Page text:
I’m pretty sure that I could get many people to agree with me when I say that middle school is the most challenging time of growing up. Finding and making friends, being popular or not, body changes…all these contribute to you feeling like you’re the ONLY ONE who has problems. It hurts to be excluded. It hurts being bullied. Being laughed at hurts. Being called names hurts. But there’s a certain magic in claiming a name for yourself and making it your own, right? No one can hurt you with it after that. This is what middle schooler Will Poupé discovers from the school janitor (who is really a wizard who loves bowling) after a particularly grueling day trying to escape from the school bully. The janitor helps him find what was inside of him all along, so to speak.
As you can probably guess from the title, there is LOTS of poop on these pages—but the pages are riotously colorful, flow well and are drawn in a manga-action style, with plenty of swooshing background lines, sparkle marks and chibi love-struck eyes. Like Ms. Marvel, Poop discovers how to change into a pooper-hero (his costume even looks a little like hers), has a familiar (or sidekick) named Turdie and even the little flies attracted to his poop love him. But the janitor has warned him, (just like Spider-Man) with great power comes great responsibility. Will Poop use his power to get even? Or to help others? Because not all is what it seems, and even Green Lantern had to learn restraint in what he made with his ring.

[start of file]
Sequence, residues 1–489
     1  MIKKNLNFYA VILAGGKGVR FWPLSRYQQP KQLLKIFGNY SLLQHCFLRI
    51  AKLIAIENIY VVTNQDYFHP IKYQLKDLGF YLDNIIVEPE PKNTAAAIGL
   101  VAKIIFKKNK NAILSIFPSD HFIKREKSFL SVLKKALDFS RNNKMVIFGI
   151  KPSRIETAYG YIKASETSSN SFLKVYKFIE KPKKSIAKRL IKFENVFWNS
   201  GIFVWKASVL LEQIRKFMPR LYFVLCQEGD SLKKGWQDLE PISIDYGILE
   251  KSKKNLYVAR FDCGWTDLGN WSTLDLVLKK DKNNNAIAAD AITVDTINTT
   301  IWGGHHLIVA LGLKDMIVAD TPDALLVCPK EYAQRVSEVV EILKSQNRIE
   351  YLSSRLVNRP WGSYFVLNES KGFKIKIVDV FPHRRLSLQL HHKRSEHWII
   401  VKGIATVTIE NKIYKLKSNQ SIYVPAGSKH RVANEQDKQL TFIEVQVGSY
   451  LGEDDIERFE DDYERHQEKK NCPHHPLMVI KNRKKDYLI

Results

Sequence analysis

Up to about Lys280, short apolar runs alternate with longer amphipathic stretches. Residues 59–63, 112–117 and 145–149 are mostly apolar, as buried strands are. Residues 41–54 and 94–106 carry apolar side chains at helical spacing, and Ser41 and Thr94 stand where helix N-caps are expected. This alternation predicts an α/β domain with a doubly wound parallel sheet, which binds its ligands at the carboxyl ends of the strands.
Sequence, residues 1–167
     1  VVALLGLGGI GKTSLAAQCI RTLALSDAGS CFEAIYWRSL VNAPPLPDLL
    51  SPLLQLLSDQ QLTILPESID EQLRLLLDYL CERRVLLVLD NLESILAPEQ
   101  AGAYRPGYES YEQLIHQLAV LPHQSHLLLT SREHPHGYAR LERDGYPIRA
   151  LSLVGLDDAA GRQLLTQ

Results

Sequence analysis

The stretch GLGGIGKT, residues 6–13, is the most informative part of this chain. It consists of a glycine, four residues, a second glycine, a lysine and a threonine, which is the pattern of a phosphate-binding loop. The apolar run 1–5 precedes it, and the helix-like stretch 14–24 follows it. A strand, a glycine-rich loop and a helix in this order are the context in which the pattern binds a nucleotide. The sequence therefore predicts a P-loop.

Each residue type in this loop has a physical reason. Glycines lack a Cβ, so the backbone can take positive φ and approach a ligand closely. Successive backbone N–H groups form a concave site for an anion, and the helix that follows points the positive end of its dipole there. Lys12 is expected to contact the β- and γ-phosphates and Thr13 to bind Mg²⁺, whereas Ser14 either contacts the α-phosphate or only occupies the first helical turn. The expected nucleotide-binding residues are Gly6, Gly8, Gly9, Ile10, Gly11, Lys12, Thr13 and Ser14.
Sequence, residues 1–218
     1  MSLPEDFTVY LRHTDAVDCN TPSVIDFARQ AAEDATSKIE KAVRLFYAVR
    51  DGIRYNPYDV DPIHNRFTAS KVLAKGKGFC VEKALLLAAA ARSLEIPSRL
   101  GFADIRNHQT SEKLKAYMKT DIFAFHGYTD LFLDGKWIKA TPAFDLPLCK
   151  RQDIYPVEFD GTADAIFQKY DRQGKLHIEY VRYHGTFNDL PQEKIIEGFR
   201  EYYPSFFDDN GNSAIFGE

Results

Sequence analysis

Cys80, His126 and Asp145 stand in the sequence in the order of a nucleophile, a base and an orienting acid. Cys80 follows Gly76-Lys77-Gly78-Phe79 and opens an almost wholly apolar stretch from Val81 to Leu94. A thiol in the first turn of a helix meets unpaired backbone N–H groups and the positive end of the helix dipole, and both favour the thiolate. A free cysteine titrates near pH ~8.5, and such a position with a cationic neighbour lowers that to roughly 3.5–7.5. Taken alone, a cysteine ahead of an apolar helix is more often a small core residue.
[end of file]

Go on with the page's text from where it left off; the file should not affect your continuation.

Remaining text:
Of such drama is middle school made—and learned from. Poop’s teacher, Walter Tenpenny (T.P.) is portrayed as a good-hearted but somewhat off-base guy with a sallow complexion and a Gomez Addams moustache.
This book is full of diverse characters and hilarious “dad puns” that will definitely elicit more than a few eyerolls. Aimed at about the 7-12 age range, this book would be a good addition to any middle school library collection. Books making fun of bodily functions are almost always popular, right?
Hello, My Name is Poop
By Ben Katzner
Art by Ian McGinty
Publisher Age Rating: 8-12
NFNT Age Recommendation: Middle Grade (7-11)